A few weeks ago one of the students in NOVA Lab informed me of an innovation festival being hosted in Philadelphia. After checking it out on the web, I was convinced this would be a place for our students to learn why innovation and design thinking were so important to the economy they’d soon be entering.
But after investigating cost, it was soon clear that we’d never afford the tickets.
Undeterred, I wrote the email below:
Within a few hours, I got a reply. (See below. However, let me say that what I learned from a former student, who was able to get a local philanthropist to fund her debate competitions on the national circuit simply by telling her story of accomplishments and needs…yeah, what I learned from her…it paid off: “If you never ask, you never know.”)
Thank you for your interest in B.PHL, Philadelphia’s first citywide innovation festival. After looking through your website and learning out what the inNOVAtion Lab is about, we would like to offer you free badges, enough for your students and faculty. The link included below will grant you 70 badges. Each person should register for their own badge so they receive it to their emails. They can also use the code: *********** to get access to the tickets through the BPHL website.
In the ensuing weeks, I’ve booked 35 of our 56 students for a field trip for this coming Thursday. We’ll be listening to former Head of Innovation and Creativity at Disney, Duncan Wardle, we’ve also managed to get a free tour of the Independence Blue Cross Innovation Center, and seats at an exclusive “Innovation Excavation” with Duncan Wardle, as well as a few other insightful presentations.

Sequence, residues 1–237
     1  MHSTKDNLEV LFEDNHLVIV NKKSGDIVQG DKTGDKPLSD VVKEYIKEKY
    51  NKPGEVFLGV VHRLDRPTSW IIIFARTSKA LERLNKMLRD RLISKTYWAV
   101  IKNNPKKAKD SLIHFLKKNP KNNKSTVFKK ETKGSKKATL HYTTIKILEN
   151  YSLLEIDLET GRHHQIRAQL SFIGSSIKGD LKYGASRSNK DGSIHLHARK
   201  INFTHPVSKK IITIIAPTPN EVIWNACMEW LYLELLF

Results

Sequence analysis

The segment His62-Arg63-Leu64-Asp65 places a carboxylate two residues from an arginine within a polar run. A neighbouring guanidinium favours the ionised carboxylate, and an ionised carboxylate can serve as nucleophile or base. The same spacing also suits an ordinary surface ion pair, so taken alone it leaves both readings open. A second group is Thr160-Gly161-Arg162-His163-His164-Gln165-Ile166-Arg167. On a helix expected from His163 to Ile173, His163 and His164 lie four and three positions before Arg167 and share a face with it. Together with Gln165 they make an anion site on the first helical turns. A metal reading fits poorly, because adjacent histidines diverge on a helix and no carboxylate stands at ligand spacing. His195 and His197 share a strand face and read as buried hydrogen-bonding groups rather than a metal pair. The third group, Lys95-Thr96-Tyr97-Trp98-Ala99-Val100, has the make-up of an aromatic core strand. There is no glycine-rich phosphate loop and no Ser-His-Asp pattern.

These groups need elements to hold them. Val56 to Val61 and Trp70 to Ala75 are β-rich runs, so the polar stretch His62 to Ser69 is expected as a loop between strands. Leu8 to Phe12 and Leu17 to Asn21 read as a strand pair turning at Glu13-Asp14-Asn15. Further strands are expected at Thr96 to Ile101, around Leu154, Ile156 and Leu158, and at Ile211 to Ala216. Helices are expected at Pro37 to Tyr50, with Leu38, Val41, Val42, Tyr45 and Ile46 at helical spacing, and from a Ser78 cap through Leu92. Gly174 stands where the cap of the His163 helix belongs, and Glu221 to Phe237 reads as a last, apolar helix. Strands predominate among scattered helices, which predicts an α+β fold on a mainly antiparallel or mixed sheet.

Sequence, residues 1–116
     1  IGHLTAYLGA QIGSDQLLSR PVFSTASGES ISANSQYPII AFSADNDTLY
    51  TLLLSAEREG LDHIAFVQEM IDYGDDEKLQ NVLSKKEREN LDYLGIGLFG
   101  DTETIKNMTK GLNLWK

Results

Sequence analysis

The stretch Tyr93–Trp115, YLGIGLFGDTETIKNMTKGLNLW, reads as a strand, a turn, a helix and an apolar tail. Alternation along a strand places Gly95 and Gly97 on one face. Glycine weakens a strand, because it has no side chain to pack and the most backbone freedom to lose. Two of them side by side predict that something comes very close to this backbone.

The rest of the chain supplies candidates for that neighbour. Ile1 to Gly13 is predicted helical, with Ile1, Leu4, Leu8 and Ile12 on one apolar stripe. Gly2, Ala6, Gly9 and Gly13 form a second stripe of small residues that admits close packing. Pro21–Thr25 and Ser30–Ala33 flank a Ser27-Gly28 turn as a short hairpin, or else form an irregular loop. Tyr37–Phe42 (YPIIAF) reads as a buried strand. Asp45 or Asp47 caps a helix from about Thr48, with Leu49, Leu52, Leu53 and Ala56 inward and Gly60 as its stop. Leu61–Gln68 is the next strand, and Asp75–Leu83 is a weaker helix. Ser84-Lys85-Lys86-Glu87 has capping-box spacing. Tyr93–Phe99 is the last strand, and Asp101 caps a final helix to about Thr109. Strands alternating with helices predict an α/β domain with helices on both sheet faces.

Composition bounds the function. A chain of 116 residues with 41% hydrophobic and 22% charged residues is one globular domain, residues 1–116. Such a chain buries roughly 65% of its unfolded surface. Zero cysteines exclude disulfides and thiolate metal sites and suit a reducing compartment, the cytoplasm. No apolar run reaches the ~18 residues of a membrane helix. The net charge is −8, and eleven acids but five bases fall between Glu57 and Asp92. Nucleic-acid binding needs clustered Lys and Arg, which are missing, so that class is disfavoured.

There’s plenty of criticism, some of it legitimate but not nearly unique, about the overuse of the word “innovation” in the world today. But I just returned from a day on my own at the Innovation Festival, and if what I heard from speaker after speaker is true, there’s little in the business world that’s currently as important as being able to innovate your way to a prosperous future.
In session after session today, my own studies of and writings (here and here) about innovation have been legitimated. From the importance of civil discourse and how design helps students develop key communication skills to the benefits of storytelling and learning from failure, I heard members of the business, higher-education, design and communication fields tout the importance of innovation and entrepreneurial mindsets.
NOVA Lab was designed with two key questions as its foundation: Why are things the way they are? How can we make them better? The class is an embodiment of my belief in the power of education, and in design and innovation to elevate the power of the liberal arts and empower students to make the world a better place.
Thank you, B.Phl Innovation Festival.
Students and I will blog more on Thursday after the sessions.
*featured image from bphlfest.com